An abstract provides an outline of the major ideas in a document and preserves a sense of its organization. Good abstracts also capture a sense of the language patterns of the original document. But most importantly, abstracts are brief -- usually no more than 100-250 words.
See page 717 of The Scott, Foresman handbook for Writers, 4th ed
"While conservation groups, ecologists, hikers, and equestrians want to keep mountain bikes out of parks and wilderness areas, mountain bikers consider these lands--especially single-track hiking trails--their natural environment. If mountain bikers wish to use trails in public lands they must behave responsibly and organize politically to defend their rights. The war between cyclists and environmental groups is due in part to the explosive growth of mountain biking and to the sometimes outrageous behavior of cyclists in sensitive areas. fortunately, cyclists have begun to practice more responsible trail riding. Their efforts have won them recognition and approval from important environmental groups and the United States Forest Service."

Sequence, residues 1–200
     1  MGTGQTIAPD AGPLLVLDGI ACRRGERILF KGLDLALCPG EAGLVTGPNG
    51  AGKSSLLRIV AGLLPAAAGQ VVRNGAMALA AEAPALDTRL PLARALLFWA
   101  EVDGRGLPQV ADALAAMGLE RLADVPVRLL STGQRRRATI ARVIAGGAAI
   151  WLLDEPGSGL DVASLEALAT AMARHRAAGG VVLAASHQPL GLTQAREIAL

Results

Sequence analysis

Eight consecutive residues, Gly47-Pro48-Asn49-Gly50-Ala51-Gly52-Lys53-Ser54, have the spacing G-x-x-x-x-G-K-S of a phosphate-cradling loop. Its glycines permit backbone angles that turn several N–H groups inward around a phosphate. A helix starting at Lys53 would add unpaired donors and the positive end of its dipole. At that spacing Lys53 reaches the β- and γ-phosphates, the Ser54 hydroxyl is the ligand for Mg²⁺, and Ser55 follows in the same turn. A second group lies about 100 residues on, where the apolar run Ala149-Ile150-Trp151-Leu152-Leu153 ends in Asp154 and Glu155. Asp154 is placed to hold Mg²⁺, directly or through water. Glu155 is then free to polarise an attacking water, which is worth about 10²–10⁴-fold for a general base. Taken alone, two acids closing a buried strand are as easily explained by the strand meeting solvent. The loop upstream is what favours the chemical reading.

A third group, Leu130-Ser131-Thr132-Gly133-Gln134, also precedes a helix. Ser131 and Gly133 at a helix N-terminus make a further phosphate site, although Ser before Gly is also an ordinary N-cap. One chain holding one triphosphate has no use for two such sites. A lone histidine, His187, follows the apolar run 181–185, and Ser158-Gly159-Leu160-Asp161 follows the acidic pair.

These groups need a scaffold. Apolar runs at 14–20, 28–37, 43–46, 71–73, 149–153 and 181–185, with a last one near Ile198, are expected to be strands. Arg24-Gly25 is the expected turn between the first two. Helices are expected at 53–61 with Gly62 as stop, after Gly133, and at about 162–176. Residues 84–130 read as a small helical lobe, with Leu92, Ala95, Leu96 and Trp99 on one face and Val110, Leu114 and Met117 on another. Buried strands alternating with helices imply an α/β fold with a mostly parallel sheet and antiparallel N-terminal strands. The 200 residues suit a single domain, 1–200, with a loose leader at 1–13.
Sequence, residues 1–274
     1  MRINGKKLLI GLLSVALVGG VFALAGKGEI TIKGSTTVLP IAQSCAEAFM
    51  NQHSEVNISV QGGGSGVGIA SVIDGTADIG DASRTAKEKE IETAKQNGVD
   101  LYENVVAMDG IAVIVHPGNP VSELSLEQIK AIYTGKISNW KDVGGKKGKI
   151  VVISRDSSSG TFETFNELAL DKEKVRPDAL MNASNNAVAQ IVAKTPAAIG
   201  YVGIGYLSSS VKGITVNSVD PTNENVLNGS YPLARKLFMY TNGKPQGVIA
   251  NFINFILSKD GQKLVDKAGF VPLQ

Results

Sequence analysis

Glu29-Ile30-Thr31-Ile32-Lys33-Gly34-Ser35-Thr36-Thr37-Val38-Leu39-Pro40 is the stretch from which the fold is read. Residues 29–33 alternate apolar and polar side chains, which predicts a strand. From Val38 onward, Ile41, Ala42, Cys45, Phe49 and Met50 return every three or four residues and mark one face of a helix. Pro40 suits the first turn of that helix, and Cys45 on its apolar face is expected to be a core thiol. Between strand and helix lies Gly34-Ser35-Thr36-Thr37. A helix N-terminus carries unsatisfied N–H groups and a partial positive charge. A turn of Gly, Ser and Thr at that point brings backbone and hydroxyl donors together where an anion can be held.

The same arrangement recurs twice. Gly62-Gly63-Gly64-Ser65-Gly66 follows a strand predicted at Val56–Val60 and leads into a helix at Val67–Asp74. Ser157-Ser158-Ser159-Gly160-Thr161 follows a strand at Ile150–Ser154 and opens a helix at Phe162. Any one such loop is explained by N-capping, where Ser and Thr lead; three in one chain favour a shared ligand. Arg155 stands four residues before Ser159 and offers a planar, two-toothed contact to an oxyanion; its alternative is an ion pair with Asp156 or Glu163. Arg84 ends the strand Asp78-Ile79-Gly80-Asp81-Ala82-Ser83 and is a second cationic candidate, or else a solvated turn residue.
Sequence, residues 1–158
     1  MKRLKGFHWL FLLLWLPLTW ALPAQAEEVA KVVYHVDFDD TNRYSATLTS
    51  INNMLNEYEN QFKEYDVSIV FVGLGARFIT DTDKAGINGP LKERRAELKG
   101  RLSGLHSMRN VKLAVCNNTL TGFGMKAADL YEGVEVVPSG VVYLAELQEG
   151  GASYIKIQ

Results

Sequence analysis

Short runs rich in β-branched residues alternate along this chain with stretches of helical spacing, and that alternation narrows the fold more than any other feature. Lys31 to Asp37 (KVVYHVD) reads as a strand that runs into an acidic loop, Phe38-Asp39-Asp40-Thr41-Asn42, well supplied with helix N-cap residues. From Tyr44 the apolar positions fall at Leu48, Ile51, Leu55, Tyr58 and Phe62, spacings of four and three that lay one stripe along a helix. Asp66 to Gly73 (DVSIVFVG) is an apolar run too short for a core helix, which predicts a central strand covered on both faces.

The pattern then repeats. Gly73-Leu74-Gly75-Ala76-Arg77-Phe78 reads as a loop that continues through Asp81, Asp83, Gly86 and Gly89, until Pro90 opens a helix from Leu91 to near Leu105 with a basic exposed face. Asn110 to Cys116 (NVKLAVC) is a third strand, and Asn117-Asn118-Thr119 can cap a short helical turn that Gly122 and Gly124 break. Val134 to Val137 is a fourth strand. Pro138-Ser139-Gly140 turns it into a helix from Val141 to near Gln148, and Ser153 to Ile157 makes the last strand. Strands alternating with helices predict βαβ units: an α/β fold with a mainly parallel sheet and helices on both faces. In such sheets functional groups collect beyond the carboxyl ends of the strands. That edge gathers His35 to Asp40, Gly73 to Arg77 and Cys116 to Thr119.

- Summarize the major ideas in the original document
- Write in a style that reflects the wording of the original text
- Don't quote from the original document
- Remain consistent with the original document's structure and organization--even if you can organize the material better
- Check conventions--the format of an abstract is dependent upon specific documentation styles (APA, MLA, CBE, etc.)